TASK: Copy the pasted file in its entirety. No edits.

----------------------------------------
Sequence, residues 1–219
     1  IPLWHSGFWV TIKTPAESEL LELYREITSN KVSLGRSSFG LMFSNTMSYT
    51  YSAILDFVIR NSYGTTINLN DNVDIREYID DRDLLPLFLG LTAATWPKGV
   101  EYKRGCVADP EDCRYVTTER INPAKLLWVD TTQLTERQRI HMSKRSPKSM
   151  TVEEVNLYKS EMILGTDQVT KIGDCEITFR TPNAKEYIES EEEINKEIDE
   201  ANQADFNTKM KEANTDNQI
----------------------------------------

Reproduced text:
Sequence, residues 1–219
     1  IPLWHSGFWV TIKTPAESEL LELYREITSN KVSLGRSSFG LMFSNTMSYT
    51  YSAILDFVIR NSYGTTINLN DNVDIREYID DRDLLPLFLG LTAATWPKGV
   101  EYKRGCVADP EDCRYVTTER INPAKLLWVD TTQLTERQRI HMSKRSPKSM
   151  TVEEVNLYKS EMILGTDQVT KIGDCEITFR TPNAKEYIES EEEINKEIDE
   201  ANQADFNTKM KEANTDNQI